GreenYour Fish and Seafood
Choose locally caught fish
Choosing sustainable, locally caught fish helps minimize the environmental impact of transporting and storing, and because of local advisories, you can be better informed of its potential harmful effects, such as mercury content.
How to buy locally caught fish
- Do some research and find a local, sustainable fishery. Websites like the Environmental Defense Fund's Seafood Selector, Monterey Bay Aquarium’s Seafood Watch Program, Seafood Choices Alliance, and Blue Ocean Institute's Guide to Ocean Friendly Seafood are useful with information on species and potential mercury hazards. Avoid purchasing local species that are threatened or poorly managed. See External links for more information on your area.
- Contact your state's Department of Natural Resources, and find out what species (in a particular waterway/coastal area) are managed in a sustainable way. Pay attention to local advisories on how much fish per month it is safe to eat.
- Find restaurants, markets, retailers, and local fishermen at the docks that have locally caught fish available. Restaurants are a good place to start looking, as owners may have an interest in the local economy and local fishery conditions. Local fishermen are another good source.
- Keep restaurants and markets honest by asking, "Which of your selections is locally caught?"
Choosing locally caught fish helps you go green because...
- Ecosystems in local bodies of water will benefit from sustainably managed fish populations and continued biodiversity.
- Your local fishermen do not have to transport seafood long distances, saving on greenhouse-gas emissions and refrigeration costs.
- It benefits the local economy, giving the community an interest in preserving and protecting their waterways.
Because state and regional resources can give you facts about local fish populations, locally-caught seafood is more transparent than imported seafood. For instance, regulations such as bycatch and trawling reduction can be undermined by imported seafood. Local advisories also help consumers with information on mercury and other persistent organic pollutants in local waterways and fish populations.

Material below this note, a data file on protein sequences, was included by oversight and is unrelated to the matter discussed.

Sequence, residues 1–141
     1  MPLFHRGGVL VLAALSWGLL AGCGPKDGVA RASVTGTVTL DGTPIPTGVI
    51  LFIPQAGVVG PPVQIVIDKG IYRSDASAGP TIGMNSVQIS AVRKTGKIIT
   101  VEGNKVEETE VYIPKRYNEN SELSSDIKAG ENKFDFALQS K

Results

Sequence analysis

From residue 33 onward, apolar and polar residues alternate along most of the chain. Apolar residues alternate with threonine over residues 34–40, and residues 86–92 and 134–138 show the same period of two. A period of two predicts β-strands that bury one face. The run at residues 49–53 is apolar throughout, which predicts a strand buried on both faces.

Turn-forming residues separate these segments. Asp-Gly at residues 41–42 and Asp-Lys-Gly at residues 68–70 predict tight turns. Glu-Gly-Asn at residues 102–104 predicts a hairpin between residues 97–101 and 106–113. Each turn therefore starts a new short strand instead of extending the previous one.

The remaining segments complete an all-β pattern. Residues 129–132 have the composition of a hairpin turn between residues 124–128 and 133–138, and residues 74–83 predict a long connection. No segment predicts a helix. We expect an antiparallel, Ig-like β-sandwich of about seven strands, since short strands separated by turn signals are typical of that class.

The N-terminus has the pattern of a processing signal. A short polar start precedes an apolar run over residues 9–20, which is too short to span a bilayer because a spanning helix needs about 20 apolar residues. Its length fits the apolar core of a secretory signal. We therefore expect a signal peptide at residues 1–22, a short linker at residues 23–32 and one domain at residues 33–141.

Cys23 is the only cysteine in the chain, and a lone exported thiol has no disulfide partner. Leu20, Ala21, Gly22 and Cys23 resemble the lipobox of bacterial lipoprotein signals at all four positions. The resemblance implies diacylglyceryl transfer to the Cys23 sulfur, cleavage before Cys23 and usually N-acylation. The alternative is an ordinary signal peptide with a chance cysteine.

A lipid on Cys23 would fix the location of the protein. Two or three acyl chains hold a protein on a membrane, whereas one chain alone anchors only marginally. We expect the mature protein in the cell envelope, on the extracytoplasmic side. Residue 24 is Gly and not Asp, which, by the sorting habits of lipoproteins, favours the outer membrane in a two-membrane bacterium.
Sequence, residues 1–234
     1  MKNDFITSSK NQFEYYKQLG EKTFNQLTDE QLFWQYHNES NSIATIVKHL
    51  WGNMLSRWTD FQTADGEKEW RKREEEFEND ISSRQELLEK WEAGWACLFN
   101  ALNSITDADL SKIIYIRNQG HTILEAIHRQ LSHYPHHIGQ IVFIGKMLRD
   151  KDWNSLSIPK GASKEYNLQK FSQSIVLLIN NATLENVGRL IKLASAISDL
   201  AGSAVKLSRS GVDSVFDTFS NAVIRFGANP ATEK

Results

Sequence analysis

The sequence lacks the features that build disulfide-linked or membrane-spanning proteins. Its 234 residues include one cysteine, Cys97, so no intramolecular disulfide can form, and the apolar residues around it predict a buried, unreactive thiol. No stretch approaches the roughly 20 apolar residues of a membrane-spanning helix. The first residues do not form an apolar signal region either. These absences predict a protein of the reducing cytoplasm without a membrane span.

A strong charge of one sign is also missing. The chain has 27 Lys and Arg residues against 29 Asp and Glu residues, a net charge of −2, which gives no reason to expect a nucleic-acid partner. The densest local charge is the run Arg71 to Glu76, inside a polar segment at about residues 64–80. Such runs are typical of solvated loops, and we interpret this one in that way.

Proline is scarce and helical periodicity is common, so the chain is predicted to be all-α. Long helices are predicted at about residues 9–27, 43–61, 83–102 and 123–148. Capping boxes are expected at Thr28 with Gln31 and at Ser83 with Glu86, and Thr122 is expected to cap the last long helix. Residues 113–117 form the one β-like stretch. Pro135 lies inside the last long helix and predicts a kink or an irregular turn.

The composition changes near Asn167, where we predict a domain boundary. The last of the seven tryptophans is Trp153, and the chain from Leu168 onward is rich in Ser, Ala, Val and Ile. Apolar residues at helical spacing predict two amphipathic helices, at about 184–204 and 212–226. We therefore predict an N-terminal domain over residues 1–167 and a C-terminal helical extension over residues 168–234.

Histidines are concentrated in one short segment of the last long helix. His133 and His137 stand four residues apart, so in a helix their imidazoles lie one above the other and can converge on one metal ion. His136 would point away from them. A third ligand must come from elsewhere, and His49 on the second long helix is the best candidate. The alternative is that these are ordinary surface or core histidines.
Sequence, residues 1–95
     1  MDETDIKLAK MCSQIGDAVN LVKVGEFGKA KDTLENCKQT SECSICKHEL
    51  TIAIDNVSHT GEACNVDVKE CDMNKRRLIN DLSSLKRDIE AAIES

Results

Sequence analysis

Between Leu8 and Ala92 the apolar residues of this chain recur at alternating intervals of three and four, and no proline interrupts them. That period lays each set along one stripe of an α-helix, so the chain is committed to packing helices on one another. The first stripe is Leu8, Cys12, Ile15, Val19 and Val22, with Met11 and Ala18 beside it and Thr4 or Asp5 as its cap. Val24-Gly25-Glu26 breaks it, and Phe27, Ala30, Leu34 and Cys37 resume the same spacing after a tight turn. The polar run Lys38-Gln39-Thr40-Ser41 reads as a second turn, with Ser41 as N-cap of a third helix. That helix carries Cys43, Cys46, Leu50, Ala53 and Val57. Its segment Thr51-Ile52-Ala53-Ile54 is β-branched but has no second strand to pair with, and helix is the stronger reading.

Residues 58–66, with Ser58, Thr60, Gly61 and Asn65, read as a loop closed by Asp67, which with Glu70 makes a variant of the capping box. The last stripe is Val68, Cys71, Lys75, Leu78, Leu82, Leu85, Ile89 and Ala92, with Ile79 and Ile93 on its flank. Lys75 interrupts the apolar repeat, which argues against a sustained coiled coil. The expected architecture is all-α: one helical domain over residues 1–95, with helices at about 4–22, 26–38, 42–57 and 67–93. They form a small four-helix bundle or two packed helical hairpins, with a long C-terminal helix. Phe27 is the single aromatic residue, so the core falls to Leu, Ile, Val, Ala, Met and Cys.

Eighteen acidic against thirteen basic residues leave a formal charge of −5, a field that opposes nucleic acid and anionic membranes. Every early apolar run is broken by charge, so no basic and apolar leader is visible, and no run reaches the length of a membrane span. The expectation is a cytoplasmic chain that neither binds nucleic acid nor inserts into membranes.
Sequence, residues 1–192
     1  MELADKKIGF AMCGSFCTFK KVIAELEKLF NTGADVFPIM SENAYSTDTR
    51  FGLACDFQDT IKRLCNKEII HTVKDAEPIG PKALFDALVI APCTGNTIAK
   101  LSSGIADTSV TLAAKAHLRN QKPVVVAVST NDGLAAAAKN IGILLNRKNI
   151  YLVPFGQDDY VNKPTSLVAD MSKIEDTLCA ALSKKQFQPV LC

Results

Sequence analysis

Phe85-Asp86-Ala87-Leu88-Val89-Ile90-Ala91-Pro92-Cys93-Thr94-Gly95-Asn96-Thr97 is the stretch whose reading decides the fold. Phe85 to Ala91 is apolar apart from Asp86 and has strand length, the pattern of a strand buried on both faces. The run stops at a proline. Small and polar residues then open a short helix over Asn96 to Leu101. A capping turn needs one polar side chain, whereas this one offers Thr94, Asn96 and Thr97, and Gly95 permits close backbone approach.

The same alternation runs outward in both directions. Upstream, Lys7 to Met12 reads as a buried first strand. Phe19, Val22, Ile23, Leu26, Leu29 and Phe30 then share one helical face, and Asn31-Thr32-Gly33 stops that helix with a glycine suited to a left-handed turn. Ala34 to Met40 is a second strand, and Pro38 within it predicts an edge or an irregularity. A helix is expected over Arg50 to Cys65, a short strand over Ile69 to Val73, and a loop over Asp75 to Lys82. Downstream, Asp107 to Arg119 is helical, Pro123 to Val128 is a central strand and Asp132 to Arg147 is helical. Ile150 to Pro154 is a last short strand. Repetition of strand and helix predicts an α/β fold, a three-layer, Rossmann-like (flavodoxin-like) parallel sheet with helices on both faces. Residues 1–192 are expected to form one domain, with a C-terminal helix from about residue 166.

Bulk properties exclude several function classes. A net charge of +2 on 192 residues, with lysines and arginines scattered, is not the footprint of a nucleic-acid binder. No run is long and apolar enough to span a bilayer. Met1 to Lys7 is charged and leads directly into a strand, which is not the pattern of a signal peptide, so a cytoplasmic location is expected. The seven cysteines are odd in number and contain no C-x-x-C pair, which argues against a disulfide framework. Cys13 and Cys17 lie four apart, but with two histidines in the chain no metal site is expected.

People take in mercury and other chemicals from eating fish not from drinking local water. Since mercury is bio-accumulated in fish, with higher levels in older and larger fish, it can harm humans as a nervous system toxin, especially having an effect on unborn babies and infants. The US Environmental Protection Agency (EPA) suggests checking local advisories about the safety of locally-caught fish, and that if no such advice is available, to only eat up to 6 ounces per week of fish caught from local waters, without consuming any other fish during that week. Those people who are most at risk, such as pregnant women, infants and children should be especially careful when eating locally-caught fish.
Fishery Council sites by region
- South Atlantic
- New England
- Gulf Region
- North Pacific
- Western Pacific
- Great Lakes Information Network Fisheries page
- Great Lakes Fisheries Commission.
- Eat Low Carbon Use this fun interactive tool to find out how your diet's contributing to climate change.
- South Carolina Aquarium on Charleston Harbor
- NOAA Office of Sustainable Fisheries
- Marine Stewardship Council Labeling and certification of sustainable seafood sources.
- South Carolina Aquarium on Charleston Harbor - Sustainable Seafood Initiative
- Cornell Cooperative Extension - Handling Locally Caught Fish
- Oceana.org Vitals Report - Executive Summary
- US Environmental Protection Agency - What You Need to Know about Mercury in Fish and Shellfish
- International Food Information Council - Fish & Your Health